Sarah Prendergast is an applied developmental science doctoral candidate at Colorado State University and a Doris Duke Fellow for the Promotion of Child Well-Being at Chapin Hall at the University of Chicago. Her research interests include family resilience, child maltreatment prevention, and kindergarten readiness, and how these are influenced by contextual factors (e.g., social policies, family economic resources, and neighborhood quality). She began working as an RPC intern in 2017, and has been involved in responding to a number of legislative requests for research evidence, including one that involved organizing information on studies related to home visitation programs. She also supported a congressional briefing on preventing human trafficking. Most recently, Sarah has been served on the investigation of how research is used in the federal legislation through keyword analysis and qualitative coding of bills and statute. She is also working to publish an op-ed regarding federal agencies' program evaluation capacities.

Taylor Darden

Taylor Darden is a Clinical/Community doctoral student at University of Maryland - Baltimore County who is interested in studying how social determinants (e.g., racial discrimination, SES, and gender) impact health inequities among the African-American population. She began interning for the RPC in January 2017 in order to learn one method of translating research to policy by connecting research experts to legislative staff based on the current interests and needs of lawmakers. Taylor has supported efforts to build the Research Network among child welfare researchers, facilitated several responses to legislative inquiries for research evidence, and has edited grant proposals. Most recently, Taylor has been working on a policy brief related to independent living programs for youth aging out of the foster care system.

Alex Ingram

Alex Ingram is a doctoral student in the clinical psychology program at Arizona State University, studying risk factors and interventions to promote resilience in children who face difficult family transitions such as parental bereavement and divorce. She began working with the RPC in September 2017. A project that Alex helped to lead involved examining the use of research evidence in legislation. Specifically, Alex helped to assess the use of keywords in legislation (e.g., evidence-based) and use those data to select bills that were qualitatively coded using an inductive approach for document review.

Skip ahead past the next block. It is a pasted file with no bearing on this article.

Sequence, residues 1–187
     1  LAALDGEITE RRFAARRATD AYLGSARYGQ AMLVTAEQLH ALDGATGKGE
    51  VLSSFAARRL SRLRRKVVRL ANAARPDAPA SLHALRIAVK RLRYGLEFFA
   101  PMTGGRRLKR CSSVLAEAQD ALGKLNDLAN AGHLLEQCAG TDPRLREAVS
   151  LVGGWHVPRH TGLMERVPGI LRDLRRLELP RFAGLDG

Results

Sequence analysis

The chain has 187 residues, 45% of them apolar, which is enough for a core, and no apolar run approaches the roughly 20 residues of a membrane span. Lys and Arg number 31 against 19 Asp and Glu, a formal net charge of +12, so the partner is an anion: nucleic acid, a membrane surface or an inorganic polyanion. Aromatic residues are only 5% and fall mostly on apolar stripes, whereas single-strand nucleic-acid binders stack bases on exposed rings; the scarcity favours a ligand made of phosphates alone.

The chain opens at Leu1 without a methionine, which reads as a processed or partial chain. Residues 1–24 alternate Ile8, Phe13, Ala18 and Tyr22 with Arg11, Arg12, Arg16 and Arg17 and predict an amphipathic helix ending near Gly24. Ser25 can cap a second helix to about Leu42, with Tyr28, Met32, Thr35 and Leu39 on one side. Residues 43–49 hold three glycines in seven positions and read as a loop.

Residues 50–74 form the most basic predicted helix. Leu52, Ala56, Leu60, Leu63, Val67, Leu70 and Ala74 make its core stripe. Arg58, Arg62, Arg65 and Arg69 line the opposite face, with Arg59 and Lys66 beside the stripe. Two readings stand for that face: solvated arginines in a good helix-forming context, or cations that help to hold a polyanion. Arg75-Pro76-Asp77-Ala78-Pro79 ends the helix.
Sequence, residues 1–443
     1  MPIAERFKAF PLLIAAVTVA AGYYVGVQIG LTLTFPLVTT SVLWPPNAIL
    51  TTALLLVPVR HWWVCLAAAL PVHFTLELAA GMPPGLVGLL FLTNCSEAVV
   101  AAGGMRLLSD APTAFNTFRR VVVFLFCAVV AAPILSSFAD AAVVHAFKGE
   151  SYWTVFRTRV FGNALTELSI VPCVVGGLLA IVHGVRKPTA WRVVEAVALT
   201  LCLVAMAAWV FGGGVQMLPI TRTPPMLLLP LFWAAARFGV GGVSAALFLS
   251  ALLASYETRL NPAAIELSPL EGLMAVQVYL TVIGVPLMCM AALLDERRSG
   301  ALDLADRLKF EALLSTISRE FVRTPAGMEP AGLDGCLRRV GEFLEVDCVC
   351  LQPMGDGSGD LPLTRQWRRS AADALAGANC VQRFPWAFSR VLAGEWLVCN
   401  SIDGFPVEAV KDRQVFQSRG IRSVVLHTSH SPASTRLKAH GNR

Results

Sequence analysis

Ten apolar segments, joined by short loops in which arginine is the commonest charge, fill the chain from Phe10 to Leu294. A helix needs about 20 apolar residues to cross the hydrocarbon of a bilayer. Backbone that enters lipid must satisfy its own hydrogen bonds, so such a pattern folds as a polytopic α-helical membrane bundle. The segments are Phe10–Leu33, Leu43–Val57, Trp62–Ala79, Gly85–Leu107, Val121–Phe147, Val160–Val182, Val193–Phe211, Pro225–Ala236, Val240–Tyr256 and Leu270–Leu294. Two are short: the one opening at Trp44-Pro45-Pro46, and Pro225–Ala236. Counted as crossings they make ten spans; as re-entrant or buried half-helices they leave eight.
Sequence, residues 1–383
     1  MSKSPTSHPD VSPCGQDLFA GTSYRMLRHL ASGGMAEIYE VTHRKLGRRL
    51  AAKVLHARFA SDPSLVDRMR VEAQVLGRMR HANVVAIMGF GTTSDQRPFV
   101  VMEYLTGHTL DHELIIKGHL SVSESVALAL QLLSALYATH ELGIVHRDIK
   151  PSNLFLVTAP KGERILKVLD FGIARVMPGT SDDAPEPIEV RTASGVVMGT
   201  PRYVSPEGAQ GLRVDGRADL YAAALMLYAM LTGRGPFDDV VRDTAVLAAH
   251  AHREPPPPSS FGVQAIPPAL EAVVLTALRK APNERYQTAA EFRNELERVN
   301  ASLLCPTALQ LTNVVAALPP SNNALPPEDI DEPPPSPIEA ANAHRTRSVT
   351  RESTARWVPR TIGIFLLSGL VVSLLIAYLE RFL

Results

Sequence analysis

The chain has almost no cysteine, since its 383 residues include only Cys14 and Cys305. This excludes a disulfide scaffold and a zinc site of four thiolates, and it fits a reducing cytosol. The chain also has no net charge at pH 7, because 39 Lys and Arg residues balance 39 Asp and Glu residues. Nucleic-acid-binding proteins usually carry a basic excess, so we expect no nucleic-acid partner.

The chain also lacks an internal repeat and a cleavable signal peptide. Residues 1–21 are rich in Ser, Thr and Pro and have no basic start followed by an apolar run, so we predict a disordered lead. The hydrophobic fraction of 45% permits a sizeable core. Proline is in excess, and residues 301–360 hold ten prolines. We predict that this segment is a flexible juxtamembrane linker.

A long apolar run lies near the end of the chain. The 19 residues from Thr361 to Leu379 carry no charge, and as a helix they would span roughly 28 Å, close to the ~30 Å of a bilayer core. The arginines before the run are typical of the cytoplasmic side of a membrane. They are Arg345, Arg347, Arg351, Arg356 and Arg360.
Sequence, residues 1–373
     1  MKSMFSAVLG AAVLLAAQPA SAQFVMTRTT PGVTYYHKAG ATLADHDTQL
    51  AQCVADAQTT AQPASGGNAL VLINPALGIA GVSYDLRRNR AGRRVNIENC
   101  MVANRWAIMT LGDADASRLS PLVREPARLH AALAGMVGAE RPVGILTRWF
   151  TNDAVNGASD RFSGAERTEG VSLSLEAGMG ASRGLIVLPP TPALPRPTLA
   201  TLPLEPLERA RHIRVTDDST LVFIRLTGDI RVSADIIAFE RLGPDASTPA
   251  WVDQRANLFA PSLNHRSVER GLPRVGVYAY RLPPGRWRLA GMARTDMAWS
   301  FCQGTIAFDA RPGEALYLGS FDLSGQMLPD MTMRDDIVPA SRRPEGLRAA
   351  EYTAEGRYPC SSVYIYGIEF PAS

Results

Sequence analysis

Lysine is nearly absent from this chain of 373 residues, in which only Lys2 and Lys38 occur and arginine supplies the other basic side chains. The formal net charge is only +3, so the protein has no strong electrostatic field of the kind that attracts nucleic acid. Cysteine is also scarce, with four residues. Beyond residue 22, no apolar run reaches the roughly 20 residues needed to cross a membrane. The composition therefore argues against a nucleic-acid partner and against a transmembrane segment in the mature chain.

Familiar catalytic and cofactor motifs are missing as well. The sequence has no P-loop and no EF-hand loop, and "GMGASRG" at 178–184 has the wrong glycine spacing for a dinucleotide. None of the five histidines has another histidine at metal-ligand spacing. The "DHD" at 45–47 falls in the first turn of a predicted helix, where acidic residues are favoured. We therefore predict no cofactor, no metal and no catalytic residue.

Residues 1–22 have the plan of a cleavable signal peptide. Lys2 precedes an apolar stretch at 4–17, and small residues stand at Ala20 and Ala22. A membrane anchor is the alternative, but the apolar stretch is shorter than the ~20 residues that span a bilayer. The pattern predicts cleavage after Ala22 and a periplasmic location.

Amy Anderson

Amy J. Anderson is a doctoral student in community psychology at DePaul University and is interested the role of public policy in influencing educational equity, the well-being of youth populations, and social justice broadly. She worked with the RPC the academic year 2017-18 to lead an outcome evaluation of efforts to disseminate research via emails to congressional officials. In this role, Amy tremendously expanded the RPC's capacity for developing a replicable approach for collecting and managing data regarding congressional staff's opening research emails and content (e.g., a URL to a policy brief), as well as potential predictors such as the relevance of the topic to the legislator (e.g., assessed via their public statements). 

Christina Athineos

Christina Athineos is a doctoral student in Suffolk University’s Clinical Psychology Ph.D. program. As a member of Suffolk University’s Community Action-Based Research Lab, Christina is involved in research efforts focused on empowerment and social justice. Christina joined the RPC in August 2017 to translate research related to current legislative efforts. Through this experience, Christina has managed social media posts that share research findings and spearheaded the development of the current website! 

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Cagla Giray

Policy Associate

Cagla Giray received her Ph.D. and M.S. in Human Development and Family Studies (HDFS) from the University of Illinois and her B.A. in Psychology from Bilkent University in Ankara, Turkey. Her interests reside at the interface of applied developmental psychology and international development, with a focus on the promotion of child and family well-being and resilience. Cagla has substantial experience in interdisciplinary research and implementation across diverse country settings (United States, Turkey, Jamaica & South Africa). She collaborated with academic institutions, local and governmental stakeholders, and non-profit (Save the Children) and international development (World Bank) organizations supporting humanitarian programs across the Middle East, North Africa (MENA) and Central Asia. Cagla began working on the RPC in March 2019 as a Policy Associate and Post-Doctoral Policy Scholar, supporting the congressional outreach via periodic meetings with congressional staffers, responding legislative requests on child and family policy issues, connecting researchers and policymakers via in-person hill meetings and coaching/guiding researchers via policy training.

Azaliah Israel

Policy Associate

Azaliah Israel holds an M.S. in Human Development and Family Studies from the University of Alabama and is a Ph.D. Candidate in Family Policy at the University of Arkansas. She joins our team as a skilled provider of technical assistance (TA) to human services programs and agencies, including Healthy Marriage and Responsible Fatherhood (HMRF) grantees and TANF programs. In addition to researching, analyzing, and interpreting federal and state legislation affecting fatherhood programs, she also participated in the assessment, planning, and implementation of programs and special projects concerning father engagement. Azaliah assists the RPC team in conducting introductory meetings with congressional staff to assess their research needs and identify potential researchers in our network to assist in decisions making. In addition to the recruitment researchers, she also leads the rapid response process for congressional offices following in-person meeting with in-network researchers and congressional offices. She regularly engages with research experts across the nation to coordinate the production of policy briefs for congressional offices through conferencing and in-person meetings and supervises RPC interns.